Genealogy Wise

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Please refrain from promoting so-called Family Crests and Coats of Arms. The misuse of heraldry has hurt genealogists for decades. The notion that a family has rights or any real connections to one is foolish, especially for American families. The related creation of “heritage books” is still a scam online. Many are based on stolen genealogical pedigrees, often supplemented by names from random telephone directories. The reputation of the community of genealogists has also been damaged by those who pursue elitism.

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I agree with you James. You stated everything right. I can't stand it when companies on and off TV, Internet and so forth try to sell you something that is not really there's. I have passed stands in the mall trying to sell coat of arms. I want to go right up to the people standing there listening to the sales pitch and stop them from buying but I don't have a right to do that. Anyway, If you do have a surname that was nobility and did receive coat of arms that was granted to the individual us American's can't claim it but just be proud of it as in my surname 'Warren" but with that said, If you have all the documentation you can contact the Heraldry in England to have your line claimed, which does cost a lot and has to be a direct male line and depending if anyone else has claimed your surname you can possibly have a coat of arms awarded to you.

Yes, to be sure, as James Waite has correctly stated, heraldry has always been a part of genealogy.
It also still remains a black eye because the large majority of those claiming a Coat of Arms are simply mistaken.

If, however, you have employed original historical sources (such as civil registrations and church documents) and traced your line directly to a valid crest -such as the old stone in this photo, saved by a church- then it can be a source of heritage you may proudly share with your posterity. You still realize that the influence of an ancient ancestor is minimal, when compared to a grandparent, in physical, genetic, social, emotional, and other terms.

My original plea was to the GenyWise administrators because they were calling for a massive commercial source of Coats...
I am in total agreement, however, I have embrased the Coats of Arms that have been presented to individuals. As part of my research I have included them and a narrative of the events that lead to the presentation. I have also in an introduction to this section explained that there is no such things as "Family Crests". I will say that is was great fun collecting the Crests and the stories that go with them and being able to indicate how the person who was honered by his monarcy connects to my bloodline. I have also made a quilt of many of them, it is a sorta joke within the family, we refer to it as the blanket of what could have been and we don't take the concept of Crests serious as we are Americans and could never "win" one anyway. I also have an old western colt that is suppose to have been used by one of the numerous lawmen in the family and a Bible that has a nick, that is suppose to have been what stopped a bullet from killing a GG Grandfather. I know two things about the men of my family, they were ministers and lawmen-sometimes both at the same time. I also have a couple marshal badges that represents the terrirories they were in, but they are not the orginal ones. Am I foolish, no I know the truth, and present these items as examples of that was and how people lived so that my Grandchildren understand what life was really like. I am personally proud that there were men in my family that were rewarded for the service the gave their monarch.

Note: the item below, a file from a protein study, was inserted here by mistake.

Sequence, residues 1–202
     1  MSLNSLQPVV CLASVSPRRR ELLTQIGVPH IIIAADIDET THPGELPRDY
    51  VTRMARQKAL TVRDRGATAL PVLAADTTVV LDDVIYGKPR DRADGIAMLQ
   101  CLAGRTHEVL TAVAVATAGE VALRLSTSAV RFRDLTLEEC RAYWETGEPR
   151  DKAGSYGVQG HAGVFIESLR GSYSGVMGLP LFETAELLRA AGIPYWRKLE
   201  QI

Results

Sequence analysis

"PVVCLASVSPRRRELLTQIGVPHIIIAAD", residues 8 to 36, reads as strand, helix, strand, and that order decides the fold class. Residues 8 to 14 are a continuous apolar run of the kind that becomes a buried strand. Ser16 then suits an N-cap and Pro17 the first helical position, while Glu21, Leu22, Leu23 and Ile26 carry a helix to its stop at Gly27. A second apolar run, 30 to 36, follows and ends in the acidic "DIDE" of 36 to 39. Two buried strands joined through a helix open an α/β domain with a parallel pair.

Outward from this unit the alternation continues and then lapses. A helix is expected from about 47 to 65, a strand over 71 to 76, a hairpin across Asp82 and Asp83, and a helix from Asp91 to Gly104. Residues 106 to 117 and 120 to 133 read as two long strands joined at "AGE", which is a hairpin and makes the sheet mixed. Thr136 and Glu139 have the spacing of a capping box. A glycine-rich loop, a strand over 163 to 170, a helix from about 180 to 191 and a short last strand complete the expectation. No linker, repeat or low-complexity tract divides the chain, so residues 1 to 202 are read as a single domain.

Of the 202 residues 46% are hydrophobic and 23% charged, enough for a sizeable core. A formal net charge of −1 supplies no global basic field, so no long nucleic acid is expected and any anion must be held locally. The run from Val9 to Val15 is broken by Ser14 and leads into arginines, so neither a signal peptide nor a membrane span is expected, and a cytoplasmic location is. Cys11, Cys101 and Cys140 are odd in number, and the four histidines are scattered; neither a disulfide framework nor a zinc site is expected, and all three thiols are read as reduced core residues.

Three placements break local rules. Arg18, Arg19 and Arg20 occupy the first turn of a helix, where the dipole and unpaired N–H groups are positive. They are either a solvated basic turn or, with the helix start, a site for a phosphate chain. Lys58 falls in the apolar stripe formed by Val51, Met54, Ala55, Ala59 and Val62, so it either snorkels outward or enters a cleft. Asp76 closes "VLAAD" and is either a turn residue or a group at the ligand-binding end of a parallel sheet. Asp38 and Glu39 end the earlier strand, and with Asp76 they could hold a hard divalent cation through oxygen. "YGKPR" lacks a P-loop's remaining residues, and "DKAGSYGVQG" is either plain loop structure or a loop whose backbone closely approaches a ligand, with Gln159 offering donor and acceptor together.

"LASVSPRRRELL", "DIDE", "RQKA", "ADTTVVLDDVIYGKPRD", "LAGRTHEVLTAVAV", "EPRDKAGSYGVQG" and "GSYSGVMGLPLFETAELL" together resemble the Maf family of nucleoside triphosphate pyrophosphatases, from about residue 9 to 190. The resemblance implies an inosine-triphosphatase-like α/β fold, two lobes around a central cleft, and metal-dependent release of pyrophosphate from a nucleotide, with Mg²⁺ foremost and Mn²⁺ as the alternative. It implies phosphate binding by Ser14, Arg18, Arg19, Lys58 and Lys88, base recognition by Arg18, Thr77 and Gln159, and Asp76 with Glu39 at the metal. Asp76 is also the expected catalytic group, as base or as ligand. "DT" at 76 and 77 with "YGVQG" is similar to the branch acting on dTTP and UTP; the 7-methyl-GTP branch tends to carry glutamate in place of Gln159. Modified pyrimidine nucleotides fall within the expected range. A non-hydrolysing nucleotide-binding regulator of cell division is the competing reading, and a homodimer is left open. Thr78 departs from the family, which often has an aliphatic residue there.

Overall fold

I must agree with you. However, there is a site that promotes Heraldry here in the USA. It's located at
To quote from their hompage: "The American Heraldry Society was founded to study and promote the proper use of heraldry in America. The Society seeks to educate the American public about the art and practices related to personal and organizational heraldry and to promote legal protections against usurpation of coats of arms in this country. "

An excellent site that I had missed somehow. Thank you.



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